How to Include Sweets In a Diabetes-Friendly Diet

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How to Include Sweets In a Diabetes-Friendly Diet

How to Include Sweets In a Diabetes-Friendly Diet

Eating for diabetes doesn’t mean eliminating sugar. If you have diabetes, you can still enjoy a small serving of your favorite dessert now and then. The key is moderation.   But maybe you have a sweet tooth and the thought of cutting back on sweets sounds almost as bad as cutting them out altogether. The good news is that cravings do go away and preferences change. As your eating habits become healthier, foods that you used to love may seem too rich or too sweet, and you may find yourself craving healthier options.

In this article, you’ll learn and discover how to include sweets in a diabetes-friendly diet.

How to include sweets in a diabetes-friendly diet

Hold the bread (or rice or pasta) if you want dessert

Eating sweets at a meal add extra carbohydrates. Because of this, it is best to cut back on the other carb-containing foods at the same meal.

Add some healthy fat to your dessert

It may seem counterintuitive to pass over the low-fat or fat-free desserts in favor of their higher-fat counterparts. But fat slows down the digestive process, meaning blood sugar levels don’t spike as quickly. That doesn’t mean, however, that you should reach for the donuts. Think healthy fats, such as peanut butter, ricotta cheese, yogurt, or some nuts.

Eat sweets with a meal, rather than as a stand-alone snack

When eaten on their own, sweets and desserts cause your blood sugar to spike. But if you eat them along with other healthy foods as part of your meal, your blood sugar won’t rise as rapidly.

When you eat dessert, truly savor each bite

How many times have you mindlessly eaten your way through a bag of cookies or a huge piece of cake? Can you really say that you enjoyed each bite? Make your indulgence count by eating slowly and paying attention to the flavors and textures. You’ll enjoy it more, plus you’re less likely to overeat.

Tricks for cutting down on sugar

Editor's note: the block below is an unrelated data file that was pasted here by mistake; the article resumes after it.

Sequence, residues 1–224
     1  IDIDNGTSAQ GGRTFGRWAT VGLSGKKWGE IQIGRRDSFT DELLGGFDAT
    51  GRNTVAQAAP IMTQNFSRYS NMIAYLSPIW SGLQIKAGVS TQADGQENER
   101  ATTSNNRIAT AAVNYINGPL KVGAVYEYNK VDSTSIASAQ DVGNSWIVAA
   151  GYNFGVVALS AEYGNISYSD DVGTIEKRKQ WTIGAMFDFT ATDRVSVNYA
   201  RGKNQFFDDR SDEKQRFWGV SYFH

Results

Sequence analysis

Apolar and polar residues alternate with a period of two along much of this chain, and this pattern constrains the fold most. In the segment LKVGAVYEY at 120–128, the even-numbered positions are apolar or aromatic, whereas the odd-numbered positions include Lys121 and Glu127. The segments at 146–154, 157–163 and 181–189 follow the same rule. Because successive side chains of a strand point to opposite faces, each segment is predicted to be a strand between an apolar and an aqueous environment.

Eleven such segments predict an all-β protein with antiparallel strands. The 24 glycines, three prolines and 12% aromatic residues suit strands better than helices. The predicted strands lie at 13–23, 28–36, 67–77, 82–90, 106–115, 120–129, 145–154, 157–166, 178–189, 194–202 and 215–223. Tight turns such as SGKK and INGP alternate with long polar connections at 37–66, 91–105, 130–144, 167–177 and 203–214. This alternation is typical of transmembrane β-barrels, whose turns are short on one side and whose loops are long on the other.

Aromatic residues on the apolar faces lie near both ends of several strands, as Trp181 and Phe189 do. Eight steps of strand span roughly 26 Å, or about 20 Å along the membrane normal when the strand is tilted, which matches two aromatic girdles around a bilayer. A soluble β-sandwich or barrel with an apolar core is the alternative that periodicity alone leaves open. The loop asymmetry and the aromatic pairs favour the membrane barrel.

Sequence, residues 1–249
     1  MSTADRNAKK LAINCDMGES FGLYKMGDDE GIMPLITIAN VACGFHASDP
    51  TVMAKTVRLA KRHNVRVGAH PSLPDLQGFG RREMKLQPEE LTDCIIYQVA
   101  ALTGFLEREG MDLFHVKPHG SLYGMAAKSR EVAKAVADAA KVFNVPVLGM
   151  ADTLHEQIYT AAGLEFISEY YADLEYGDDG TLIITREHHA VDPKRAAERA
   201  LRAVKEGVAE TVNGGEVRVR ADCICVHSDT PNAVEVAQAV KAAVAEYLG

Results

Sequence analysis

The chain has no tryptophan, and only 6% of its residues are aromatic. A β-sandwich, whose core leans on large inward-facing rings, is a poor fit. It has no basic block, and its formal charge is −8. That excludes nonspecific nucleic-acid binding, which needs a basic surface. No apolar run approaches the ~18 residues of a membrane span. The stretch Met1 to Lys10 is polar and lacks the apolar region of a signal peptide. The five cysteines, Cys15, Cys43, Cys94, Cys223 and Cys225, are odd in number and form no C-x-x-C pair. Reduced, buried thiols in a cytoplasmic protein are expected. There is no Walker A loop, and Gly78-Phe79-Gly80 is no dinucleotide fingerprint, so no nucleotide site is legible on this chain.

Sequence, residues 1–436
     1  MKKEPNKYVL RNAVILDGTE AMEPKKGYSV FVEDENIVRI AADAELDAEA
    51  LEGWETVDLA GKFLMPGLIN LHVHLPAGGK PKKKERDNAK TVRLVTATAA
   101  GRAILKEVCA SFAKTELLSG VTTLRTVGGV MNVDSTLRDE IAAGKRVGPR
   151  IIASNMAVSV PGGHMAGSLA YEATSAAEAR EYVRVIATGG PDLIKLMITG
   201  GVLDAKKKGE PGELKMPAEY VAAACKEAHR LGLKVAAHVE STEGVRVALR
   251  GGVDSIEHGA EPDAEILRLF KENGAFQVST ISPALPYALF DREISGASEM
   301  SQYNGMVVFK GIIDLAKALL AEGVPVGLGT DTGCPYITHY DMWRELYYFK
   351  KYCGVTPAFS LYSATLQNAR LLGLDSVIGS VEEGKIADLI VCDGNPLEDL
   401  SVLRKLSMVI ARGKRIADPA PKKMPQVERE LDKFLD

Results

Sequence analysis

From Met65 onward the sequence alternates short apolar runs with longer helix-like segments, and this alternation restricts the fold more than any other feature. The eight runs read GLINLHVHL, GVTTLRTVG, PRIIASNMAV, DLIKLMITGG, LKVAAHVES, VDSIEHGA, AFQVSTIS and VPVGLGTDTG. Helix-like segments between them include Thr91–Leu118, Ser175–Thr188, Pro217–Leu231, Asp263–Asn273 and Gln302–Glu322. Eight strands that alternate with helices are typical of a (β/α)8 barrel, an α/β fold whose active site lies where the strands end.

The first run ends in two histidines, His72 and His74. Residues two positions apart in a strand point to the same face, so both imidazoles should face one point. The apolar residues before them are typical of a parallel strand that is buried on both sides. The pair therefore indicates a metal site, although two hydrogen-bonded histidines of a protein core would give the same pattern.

Reduce how much soda and juice you drink

If you miss your carbonation kick, try sparkling water either plain or with a little juice mixed in.

Reduce sugar intake

Reduce the amount of sugar in recipes by ¼ to ⅓. If a recipe calls for 1 cup of sugar, for example, use ⅔ or ¾ cup instead. You can also boost sweetness with cinnamon, nutmeg, or vanilla extract.

Find healthy ways to satisfy your sweet tooth

Instead of ice cream, blend up frozen bananas for a creamy, frozen treat. Or enjoy a small chunk of dark chocolate, rather than your usual milk chocolate bar.

Start with half of the dessert you normally eat and replace the other half with fruit.

Be cautious with alcohol consumption

Proceed with caution when it comes to alcohol

It’s easy to underestimate a number of calories and carbs in alcoholic drinks, including beer and wine. And cocktails mixed with soda and juice can be loaded with sugar. If you’re going to drink, do so in moderation (no more than 1 drink per day for women; 2 for men), choose calorie-free drink mixers, and drink only with food. If you’re diabetic, always monitor your blood glucose, as alcohol can interfere with diabetes medication and insulin.

Herbal Guide Staff

schillemi@thecompleteherbalguide.com

The Complete Guide to Natural Healing believes that food, vitamins, supplements, and alternative medicine can be your best medicine. Our staff will show you the truth about health and wellness, so you can help your family and closest friends get even healthier. You’ll learn exactly what you should do and how to eat to get healthy, exercise to get your leanest, healthiest body and how to take control of your family’s health, using natural remedies as medicine.

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